PURPOSE: Recent evidence from neuroimaging research has shown that eating disorders (EDs) are characterized by alterations in interconnected neural systems, whose characteristics can be usefully described by connectomics tools. The present paper aimed to review the neuroimaging literature in EDs employing connectomic tools, and, specifically, graph theory analysis.METHODS: A systematic review of the literature was conducted to identify studies employing graph theory analysis on patients with eating disorders published before the 22nd of June 2020.RESULTS: Twelve studies were included in the systematic review. Ten of them address anorexia nervosa (AN) (AN=199; acute AN=85, weight recovered AN with acute diagnosis=24; fully recovered AN=90). The remaining two articles address patients with bulimia nervosa (BN) (BN=48). Global and regional unbalance in segregation and integration properties were described in both disorders.DISCUSSION: The literature concerning the use of connectomics tools in EDs evidenced the presence of alterations in the topological characteristics of brain networks at a global and at a regional level. Changes in local characteristics involve areas that have been demonstrated to be crucial in the neurobiology and pathophysiology of EDs. Regional imbalances in network properties seem to reflect on global patterns.LEVEL OF EVIDENCE: Level I, systematic review.

Brain networks in eating disorders: a systematic review of graph theory studies

Collantoni, Enrico;Meregalli, Valentina;Meneguzzo, Paolo;Tenconi, Elena;Favaro, Angela
2021

Abstract

PURPOSE: Recent evidence from neuroimaging research has shown that eating disorders (EDs) are characterized by alterations in interconnected neural systems, whose characteristics can be usefully described by connectomics tools. The present paper aimed to review the neuroimaging literature in EDs employing connectomic tools, and, specifically, graph theory analysis.METHODS: A systematic review of the literature was conducted to identify studies employing graph theory analysis on patients with eating disorders published before the 22nd of June 2020.RESULTS: Twelve studies were included in the systematic review. Ten of them address anorexia nervosa (AN) (AN=199; acute AN=85, weight recovered AN with acute diagnosis=24; fully recovered AN=90). The remaining two articles address patients with bulimia nervosa (BN) (BN=48). Global and regional unbalance in segregation and integration properties were described in both disorders.DISCUSSION: The literature concerning the use of connectomics tools in EDs evidenced the presence of alterations in the topological characteristics of brain networks at a global and at a regional level. Changes in local characteristics involve areas that have been demonstrated to be crucial in the neurobiology and pathophysiology of EDs. Regional imbalances in network properties seem to reflect on global patterns.LEVEL OF EVIDENCE: Level I, systematic review.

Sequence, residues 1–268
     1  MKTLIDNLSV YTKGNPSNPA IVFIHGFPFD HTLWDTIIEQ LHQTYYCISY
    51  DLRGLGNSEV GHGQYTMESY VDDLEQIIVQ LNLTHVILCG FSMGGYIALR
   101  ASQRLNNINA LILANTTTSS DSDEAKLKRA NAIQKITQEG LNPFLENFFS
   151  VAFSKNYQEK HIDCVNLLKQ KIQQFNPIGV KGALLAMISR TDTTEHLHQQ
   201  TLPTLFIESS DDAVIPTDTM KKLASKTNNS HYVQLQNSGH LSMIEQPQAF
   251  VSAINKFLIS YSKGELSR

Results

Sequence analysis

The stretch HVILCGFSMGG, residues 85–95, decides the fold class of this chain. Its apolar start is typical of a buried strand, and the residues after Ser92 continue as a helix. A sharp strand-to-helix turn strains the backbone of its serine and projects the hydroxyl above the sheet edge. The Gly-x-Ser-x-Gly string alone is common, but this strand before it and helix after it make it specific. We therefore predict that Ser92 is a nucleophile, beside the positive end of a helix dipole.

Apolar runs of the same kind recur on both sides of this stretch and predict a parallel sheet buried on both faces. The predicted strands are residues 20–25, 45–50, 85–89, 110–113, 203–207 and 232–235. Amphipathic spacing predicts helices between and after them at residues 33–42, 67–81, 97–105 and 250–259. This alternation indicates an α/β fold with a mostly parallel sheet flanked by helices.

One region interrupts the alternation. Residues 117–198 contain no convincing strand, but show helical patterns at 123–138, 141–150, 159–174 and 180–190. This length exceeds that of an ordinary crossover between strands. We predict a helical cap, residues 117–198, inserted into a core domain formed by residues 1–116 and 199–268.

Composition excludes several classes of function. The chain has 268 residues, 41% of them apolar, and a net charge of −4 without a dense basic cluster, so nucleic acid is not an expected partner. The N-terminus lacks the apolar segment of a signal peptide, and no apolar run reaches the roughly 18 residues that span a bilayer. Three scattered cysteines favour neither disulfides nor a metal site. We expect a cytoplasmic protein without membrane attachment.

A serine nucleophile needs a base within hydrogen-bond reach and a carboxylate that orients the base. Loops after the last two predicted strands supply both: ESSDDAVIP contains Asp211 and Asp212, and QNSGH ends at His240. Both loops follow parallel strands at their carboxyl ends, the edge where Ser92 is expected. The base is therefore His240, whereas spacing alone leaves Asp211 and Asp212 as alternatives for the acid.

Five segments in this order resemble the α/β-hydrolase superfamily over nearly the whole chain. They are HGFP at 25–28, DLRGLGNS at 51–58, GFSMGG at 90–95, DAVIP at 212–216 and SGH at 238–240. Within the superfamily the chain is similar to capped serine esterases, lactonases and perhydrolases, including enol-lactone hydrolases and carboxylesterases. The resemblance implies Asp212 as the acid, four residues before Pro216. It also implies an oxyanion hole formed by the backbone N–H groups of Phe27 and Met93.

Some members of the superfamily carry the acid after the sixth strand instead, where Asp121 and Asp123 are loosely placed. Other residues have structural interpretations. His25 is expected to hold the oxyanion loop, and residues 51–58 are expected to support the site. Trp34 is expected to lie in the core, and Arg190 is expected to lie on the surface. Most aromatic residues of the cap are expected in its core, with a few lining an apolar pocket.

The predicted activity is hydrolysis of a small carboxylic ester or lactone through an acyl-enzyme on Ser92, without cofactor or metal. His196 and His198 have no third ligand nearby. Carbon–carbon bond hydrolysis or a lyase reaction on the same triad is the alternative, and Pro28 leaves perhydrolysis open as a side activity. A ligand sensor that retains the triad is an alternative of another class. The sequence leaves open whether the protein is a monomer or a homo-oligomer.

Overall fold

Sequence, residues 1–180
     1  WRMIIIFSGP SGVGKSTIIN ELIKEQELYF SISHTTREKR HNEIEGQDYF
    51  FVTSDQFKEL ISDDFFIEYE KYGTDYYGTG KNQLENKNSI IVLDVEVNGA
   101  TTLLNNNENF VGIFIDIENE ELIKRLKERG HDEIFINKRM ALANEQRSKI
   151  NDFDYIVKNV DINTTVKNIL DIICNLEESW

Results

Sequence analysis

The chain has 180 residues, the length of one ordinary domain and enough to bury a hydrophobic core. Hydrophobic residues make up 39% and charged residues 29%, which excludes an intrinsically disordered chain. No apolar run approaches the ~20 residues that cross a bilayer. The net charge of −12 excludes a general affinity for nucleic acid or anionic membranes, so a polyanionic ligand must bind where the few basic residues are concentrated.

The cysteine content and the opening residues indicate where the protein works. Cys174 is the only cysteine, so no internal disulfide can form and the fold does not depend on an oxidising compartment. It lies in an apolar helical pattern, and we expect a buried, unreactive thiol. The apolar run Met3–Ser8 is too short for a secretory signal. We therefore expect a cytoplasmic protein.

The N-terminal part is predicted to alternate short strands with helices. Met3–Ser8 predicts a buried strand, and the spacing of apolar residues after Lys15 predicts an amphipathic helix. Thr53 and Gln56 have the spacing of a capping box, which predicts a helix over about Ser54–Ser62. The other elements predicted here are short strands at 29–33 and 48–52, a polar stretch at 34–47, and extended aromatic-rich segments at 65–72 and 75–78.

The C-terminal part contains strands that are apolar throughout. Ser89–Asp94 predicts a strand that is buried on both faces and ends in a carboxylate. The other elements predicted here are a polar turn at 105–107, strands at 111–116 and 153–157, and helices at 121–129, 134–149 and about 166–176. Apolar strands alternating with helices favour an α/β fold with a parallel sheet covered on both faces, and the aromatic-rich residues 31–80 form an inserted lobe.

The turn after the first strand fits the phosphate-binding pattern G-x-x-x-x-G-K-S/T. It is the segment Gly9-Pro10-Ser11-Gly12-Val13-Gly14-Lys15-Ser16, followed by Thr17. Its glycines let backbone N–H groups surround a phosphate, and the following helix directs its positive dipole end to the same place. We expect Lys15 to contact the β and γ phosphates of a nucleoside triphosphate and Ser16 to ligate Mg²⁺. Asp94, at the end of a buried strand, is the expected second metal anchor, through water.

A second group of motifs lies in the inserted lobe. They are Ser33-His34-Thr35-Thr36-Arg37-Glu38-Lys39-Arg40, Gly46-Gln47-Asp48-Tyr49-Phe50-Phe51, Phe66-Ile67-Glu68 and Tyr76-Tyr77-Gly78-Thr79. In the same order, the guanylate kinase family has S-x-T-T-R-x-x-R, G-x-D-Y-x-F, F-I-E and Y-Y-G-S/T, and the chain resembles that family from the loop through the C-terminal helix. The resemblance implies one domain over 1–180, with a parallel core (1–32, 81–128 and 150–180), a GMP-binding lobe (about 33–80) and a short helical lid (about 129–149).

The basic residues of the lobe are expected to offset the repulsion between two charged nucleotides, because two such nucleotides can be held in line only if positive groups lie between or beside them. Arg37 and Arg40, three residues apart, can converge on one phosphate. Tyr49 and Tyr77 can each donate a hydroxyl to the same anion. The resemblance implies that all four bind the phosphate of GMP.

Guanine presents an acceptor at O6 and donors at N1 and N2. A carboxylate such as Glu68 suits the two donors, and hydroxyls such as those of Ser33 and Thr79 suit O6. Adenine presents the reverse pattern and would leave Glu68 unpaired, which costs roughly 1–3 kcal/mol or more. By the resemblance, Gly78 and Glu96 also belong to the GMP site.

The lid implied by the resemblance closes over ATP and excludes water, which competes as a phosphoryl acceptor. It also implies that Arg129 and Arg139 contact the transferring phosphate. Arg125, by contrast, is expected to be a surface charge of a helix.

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Utilizza questo identificativo per citare o creare un link a questo documento: http://hdl.handle.net/11577/3386854
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